Review

Review

FEARNET Movie Review: 'The Loved Ones'

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The subject of "unrequited love" seems to come up fairly often in horror films, several of which are (logically) focused on fragile young women whose inner turmoil spill outward in some truly unpleasant ways. Films like Carrie, Rabid, May, Ginger Snaps, Teeth, etc. all take some of the stresses, the strains, and the insecurities of teenage femininity and remind us that, yowch, teenage girls have it pretty rough.

Feel free to toss a new Australian horror export onto the pile: It's a slick, quick, and surprisingly intense little anti-love story called The Loved Ones, and it's easily one of the coolest Aussie offerings of the past several years.

It's a dark and confident mash-up of Misery, Saw, and (of course) some of the films I've mentioned already, but it's also just fresh enough to deliver some of its own jolts, gasps, and legitimate shocks.

The story is a simple one: Handsome young Brent is still wounded over the loss of his father in a recent car crash. He's got a devoted girlfriend and a justifiably over-protective mother, but Brent mopes through his days at school, occasionally slicing a few cuts into his arm, and casually contemplating suicide while climbing a nearby cliff. But Brent's about to get a big lesson in the art of "appreciating life," because he's been kidnapped by a vicious psycho who just happens to have a daughter who is also Brent's classmate.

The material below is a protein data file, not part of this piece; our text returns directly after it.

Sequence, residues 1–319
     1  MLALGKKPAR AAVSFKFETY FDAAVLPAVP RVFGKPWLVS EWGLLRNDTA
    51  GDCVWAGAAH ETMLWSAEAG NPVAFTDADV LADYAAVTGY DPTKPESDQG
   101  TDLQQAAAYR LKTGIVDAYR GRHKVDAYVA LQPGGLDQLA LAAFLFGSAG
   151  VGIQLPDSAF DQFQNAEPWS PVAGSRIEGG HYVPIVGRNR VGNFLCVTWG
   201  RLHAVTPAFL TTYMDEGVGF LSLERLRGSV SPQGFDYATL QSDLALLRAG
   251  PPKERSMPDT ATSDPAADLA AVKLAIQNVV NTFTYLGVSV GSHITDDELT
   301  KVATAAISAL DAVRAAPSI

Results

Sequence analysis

"Daddy," you see, is a raving nut-job who's thrilled to do anything his equally unhinged daughter requests. If, for example, Lola tells Daddy to club and kidnap the school's "cutest boy" and bring him back for a gore-soaked private prom, then Daddy will do just that. And he does. Brent awakens to find himself strapped to a chair, with Daddy glowering in the shadows and lovestruck Lola commanding his every attention. (A knife through the foot will capture anyone's attention.)

To say much more would spoil much of the fun, but first-time feature director Sean Byrne strikes a remarkably strong balance between the extremely graphic terrors of Brent's plight with a "b-story" that actually propels the flick forward quite well. As Brent struggles with the advances of Lola and her slavish and slobbering papa, his girlfriend and some high school pals are out on the town .... and slowly putting all the pieces together.

The Loved Ones works as both a "scream 'n' squeal" style horror flick, but it also presents a crafty little "race against the clock" sort of kidnapping thriller. It's got several strong performances (especially from Xavier Samuel and Robin McLeavy); it looks, sounds, and feels like an indie import with a sense of quality control; and (best of all) it's got a few creepy wrinkles that (get this!) you might not be expecting. Yes, even you hardcore horror hounds.

READ FEARnet's PARTNER REVIEWS OF THE LOVED ONES

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